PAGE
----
Frequent collaborators on mysteriously short-lived Image projects, Jim Zub and Edwin Huang have been announced as the creative team for a new issue #1 from Image in June, Dark Skullkickers Dark #1. And that’s not a typo – the extra Dark is there for a reason. And that reason is because the comic is dark. This […]
Comixology’s reeling servers have forced the end of the Marvel 1st promotions announced at SXSW where Marvel was making 700 of its first and landmark issues available for free from Comixology.
The most recent book to return from Valiant, Shadowman started a second arc this week, with issue #5 from Justin Jordan and Patrick Zircher. The series has made an effective return, with some good character work and world-building – although the book is struggling to lift all the different storylines it has weighing it down. […]
By John Jackson Miller via Comichron DC’s Justice League of America #1 turned in the strongest single-issue sales performance for a comic book in the month of February since at least 1996 — and the biggest single-month number for a DC title since that time, as well. That’s based on Comichron’s estimates of retailer orders from Diamond Comic Distributors. […]
Spider-Man is hands down one of the most popular characters ever to leap from the pages of Marvel Comics, and is even a strong contender for one of the most popular comic characters produced by any comics publisher. He’s also displayed a particular trademark flexibility in successfully taking to the silver screen and flourishing through […]
BY JEN VAUGHN – Caitlin McGurk, OSU Engagement Coordinator librarian (and a former cow0rker of mine) let loose the news. The Sullivant Hall unleashing and revealing at the Grand Opening Festival will happen November 14th-17th in conjunction with the CFP: The Third Triennial Academic Conference at the Festival of Cartoon Art. Does that not sound […]
Cartoonist Nate Powell (left) along with Rep. John Lewis and writer Andrew Aydin—all collaborators on the upcoming graphic novel March—walk across the Edmund Pettus Bridge in Selma AL, March 2013, where in 1965 600 marchers protesting for civil rights, among them Lewis, were tear gassed and beaten with clubs by police.
The rolling program of Marvel Now! relaunches continued in January, with SUPERIOR SPIDER-MAN, NEW AVENGERS, SAVAGE WOLVERINE, UNCANNY X-FORCE, YOUNG AVENGERS and MORBIUS. Plus, there’s the miniseries DEADPOOL: KILLUSTRATED – and, just as interesting as the January launches, the continuing question of how the earlier Marvel Now titles are settling down.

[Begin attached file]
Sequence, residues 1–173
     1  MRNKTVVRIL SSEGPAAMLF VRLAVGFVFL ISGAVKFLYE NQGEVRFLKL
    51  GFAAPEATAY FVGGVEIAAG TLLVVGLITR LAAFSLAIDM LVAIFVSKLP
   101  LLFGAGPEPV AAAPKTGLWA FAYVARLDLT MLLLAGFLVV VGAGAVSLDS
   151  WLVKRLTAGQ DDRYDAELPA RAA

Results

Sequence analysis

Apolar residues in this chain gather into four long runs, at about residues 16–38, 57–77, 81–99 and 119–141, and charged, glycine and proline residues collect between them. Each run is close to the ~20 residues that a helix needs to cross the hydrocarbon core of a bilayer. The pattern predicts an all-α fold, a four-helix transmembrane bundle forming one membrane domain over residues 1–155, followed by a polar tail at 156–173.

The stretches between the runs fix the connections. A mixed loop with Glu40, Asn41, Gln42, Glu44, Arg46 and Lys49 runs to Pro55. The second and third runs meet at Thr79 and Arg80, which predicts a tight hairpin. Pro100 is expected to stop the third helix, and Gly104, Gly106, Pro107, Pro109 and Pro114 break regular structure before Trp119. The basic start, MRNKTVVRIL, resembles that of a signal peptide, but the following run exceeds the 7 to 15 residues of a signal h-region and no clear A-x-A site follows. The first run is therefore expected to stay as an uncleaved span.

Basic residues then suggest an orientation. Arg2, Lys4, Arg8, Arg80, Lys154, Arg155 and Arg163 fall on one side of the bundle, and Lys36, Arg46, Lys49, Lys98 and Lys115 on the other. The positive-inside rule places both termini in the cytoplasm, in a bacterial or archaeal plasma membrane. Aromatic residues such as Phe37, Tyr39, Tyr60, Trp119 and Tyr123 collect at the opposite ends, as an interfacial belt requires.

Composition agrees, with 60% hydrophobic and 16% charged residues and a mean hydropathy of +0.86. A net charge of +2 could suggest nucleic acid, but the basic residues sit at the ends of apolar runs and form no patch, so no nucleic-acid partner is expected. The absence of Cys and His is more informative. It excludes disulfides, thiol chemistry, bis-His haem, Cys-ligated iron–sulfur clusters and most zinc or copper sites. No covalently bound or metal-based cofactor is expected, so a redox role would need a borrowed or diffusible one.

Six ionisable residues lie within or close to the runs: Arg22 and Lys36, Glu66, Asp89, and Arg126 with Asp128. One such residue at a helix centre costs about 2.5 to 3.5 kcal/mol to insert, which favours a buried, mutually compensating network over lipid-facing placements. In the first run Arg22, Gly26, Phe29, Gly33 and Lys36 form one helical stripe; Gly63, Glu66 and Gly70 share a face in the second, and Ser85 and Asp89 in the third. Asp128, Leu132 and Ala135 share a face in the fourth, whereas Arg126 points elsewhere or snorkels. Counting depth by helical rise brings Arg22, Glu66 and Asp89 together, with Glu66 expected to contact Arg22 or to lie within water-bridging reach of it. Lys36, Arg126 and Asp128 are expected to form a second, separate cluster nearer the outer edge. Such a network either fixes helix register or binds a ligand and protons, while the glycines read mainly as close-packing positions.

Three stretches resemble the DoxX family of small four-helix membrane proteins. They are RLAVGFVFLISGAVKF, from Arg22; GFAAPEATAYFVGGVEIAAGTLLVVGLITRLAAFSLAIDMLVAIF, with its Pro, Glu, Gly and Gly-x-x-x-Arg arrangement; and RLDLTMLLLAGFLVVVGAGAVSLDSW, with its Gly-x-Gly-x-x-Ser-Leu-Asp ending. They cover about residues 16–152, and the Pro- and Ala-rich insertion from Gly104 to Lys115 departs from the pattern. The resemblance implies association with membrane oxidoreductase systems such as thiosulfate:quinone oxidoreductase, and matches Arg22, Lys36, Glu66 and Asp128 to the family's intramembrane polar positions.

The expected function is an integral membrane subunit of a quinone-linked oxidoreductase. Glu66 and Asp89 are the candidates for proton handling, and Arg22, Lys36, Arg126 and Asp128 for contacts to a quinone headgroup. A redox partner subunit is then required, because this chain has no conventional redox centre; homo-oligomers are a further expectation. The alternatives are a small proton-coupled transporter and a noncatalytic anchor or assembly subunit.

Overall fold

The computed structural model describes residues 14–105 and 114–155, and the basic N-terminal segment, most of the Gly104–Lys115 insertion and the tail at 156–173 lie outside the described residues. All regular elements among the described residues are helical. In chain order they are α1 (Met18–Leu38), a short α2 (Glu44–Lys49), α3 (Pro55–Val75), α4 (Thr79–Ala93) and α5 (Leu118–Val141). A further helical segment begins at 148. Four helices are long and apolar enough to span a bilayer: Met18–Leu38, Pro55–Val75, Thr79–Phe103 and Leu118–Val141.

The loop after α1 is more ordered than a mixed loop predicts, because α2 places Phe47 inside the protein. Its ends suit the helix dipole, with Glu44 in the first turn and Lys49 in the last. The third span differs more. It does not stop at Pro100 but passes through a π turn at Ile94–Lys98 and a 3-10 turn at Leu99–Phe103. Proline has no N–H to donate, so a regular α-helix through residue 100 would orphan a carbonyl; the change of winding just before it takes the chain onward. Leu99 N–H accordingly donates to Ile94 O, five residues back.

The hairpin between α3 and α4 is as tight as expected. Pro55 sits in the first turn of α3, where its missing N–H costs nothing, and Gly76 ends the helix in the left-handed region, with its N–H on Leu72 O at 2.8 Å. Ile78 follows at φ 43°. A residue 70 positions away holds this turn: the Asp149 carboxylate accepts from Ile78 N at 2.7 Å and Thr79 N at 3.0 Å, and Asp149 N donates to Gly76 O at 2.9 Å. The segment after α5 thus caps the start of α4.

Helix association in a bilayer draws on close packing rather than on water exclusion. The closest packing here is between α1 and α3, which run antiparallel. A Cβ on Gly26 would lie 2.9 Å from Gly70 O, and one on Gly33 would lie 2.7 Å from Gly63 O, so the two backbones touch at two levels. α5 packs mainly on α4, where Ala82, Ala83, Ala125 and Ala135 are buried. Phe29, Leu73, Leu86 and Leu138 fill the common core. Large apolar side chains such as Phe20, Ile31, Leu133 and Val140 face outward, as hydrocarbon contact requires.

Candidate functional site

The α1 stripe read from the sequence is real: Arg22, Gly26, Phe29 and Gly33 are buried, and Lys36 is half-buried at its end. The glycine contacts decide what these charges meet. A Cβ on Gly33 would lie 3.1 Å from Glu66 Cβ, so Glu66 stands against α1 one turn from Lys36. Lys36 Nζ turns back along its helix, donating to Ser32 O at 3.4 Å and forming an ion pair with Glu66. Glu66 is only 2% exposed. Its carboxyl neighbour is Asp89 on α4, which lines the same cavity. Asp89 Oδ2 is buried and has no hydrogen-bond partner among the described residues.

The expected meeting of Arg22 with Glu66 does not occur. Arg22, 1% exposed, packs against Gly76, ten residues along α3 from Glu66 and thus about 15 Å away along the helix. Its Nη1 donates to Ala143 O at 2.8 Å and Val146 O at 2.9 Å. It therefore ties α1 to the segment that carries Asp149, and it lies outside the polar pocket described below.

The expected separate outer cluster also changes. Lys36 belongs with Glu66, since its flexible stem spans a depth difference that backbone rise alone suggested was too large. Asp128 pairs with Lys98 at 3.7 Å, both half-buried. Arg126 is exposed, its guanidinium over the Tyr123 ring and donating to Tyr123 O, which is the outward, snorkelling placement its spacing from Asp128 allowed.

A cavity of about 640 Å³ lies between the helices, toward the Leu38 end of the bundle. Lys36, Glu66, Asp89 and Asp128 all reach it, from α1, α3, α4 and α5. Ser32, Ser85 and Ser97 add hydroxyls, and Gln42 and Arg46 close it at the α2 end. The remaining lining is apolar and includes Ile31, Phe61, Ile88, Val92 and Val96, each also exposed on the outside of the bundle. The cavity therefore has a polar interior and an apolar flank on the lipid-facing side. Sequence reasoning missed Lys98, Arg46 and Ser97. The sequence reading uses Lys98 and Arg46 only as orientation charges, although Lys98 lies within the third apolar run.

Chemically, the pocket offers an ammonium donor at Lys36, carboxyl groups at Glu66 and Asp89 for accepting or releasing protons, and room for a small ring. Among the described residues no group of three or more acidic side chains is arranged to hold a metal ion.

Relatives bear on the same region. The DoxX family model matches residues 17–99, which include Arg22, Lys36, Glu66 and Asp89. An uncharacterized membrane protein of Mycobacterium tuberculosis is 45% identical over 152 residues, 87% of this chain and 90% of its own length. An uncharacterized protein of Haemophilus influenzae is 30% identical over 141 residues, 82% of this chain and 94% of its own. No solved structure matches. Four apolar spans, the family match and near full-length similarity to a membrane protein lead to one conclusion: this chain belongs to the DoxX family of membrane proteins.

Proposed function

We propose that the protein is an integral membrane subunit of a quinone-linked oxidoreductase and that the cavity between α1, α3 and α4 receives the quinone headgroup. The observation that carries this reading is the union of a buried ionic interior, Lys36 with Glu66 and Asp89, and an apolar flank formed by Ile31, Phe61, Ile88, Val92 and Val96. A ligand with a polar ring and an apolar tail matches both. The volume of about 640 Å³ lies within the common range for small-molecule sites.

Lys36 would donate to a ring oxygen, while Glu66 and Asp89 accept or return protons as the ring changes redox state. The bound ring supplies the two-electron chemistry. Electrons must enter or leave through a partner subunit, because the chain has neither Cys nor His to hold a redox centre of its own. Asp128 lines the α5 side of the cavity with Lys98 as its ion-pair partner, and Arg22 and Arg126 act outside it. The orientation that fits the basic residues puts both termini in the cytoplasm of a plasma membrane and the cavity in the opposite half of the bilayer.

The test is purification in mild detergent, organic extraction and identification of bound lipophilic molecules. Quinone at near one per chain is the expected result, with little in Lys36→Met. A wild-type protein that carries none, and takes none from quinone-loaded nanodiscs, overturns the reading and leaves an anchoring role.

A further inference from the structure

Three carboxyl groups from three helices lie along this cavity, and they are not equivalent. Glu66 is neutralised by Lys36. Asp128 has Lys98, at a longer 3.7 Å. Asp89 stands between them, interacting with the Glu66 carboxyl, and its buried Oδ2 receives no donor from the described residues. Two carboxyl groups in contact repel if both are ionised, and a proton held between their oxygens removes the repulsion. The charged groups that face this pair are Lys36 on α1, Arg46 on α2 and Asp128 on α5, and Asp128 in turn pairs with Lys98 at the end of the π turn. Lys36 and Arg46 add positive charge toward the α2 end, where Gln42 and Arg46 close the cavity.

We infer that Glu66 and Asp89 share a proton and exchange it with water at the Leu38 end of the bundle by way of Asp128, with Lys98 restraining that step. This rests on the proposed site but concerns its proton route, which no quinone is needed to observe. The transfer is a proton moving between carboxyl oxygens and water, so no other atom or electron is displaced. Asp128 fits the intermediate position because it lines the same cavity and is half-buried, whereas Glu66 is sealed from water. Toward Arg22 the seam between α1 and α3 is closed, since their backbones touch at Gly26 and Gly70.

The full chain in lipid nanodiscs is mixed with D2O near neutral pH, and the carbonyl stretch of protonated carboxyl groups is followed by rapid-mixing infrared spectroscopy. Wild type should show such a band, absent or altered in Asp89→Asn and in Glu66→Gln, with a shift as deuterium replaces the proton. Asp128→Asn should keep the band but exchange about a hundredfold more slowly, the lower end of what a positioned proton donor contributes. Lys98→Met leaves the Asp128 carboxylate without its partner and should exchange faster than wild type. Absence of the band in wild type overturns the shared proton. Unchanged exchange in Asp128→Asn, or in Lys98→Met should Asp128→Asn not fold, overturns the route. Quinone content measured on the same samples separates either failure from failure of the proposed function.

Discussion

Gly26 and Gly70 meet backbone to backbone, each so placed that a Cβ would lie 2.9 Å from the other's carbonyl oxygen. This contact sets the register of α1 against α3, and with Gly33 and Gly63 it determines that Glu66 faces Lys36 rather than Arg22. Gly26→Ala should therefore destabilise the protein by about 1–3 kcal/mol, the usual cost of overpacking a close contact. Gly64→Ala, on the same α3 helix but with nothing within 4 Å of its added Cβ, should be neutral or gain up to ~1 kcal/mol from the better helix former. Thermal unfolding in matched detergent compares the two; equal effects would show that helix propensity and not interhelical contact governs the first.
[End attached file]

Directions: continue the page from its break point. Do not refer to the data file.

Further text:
Once again, Marvel had the largest share of the North American direct market, leading DC by 40% to 35% in units, and 35% to 32% in dollars.
Following on from Night of the Owls and Death of the Family will come an 11-part storyline from Scott Snyder and Greg Capullo called ZERO YEAR. Taking the sime kind of approach as Frank Miller’s ‘Year One’ story, this will see Batman in the New 52 — establishing the Bat Cave, meeting his first super-villain, and […]
The 90-year-old creator of NonNonBa, Onward Towards Our Noble Deaths, and such yokai masterpieces as GeGeGe no chows down with relish. As recounted in the semi-autobiographical Onward Towards Our Noble Deaths, Mizuki lost an arm in World War II, but that hasn’t prevented him from going to McDonalds.
Marvel made the media rounds at SXSW yesterday and most of the announcements were for things off in the future. SXSW is fast becoming Marvel’s mainstream outreach equivalent of SDCC. That’s right. SXSW isn’t really about the Direct Market comics fan. It’s about getting Marvel’s name and their *digital* offerings in the mind set of […]
As if creating the manga blockbusters Love, Hina and Negima weren’t enough, manga-kaKen Akamatsu is launching a new manga this summer according to Japanese news reports. No details on the contents — his previous hits were harem manga but in 2010 he declared that genre passé, so maybe we’ll see something more genre busting from him. Akamatsu is notable for (in translation at least) being a little more focused on the business aspects of manga:
Time Warner has found its magazine division all too quittable: after an unsuccessful attempt to sell off the print division which puts out Time, People, Sports Illustrated, it has decided to just split it off into its own business, and hope stock investors come along who like to look at glossy magazine. It’s a similar to the move
Mr. Burns Rupert Murdoch pulled recently, splitting Fox into two divisions: The Fox Group, which includes movies and TV, and News Corp., which includes the newspaper division.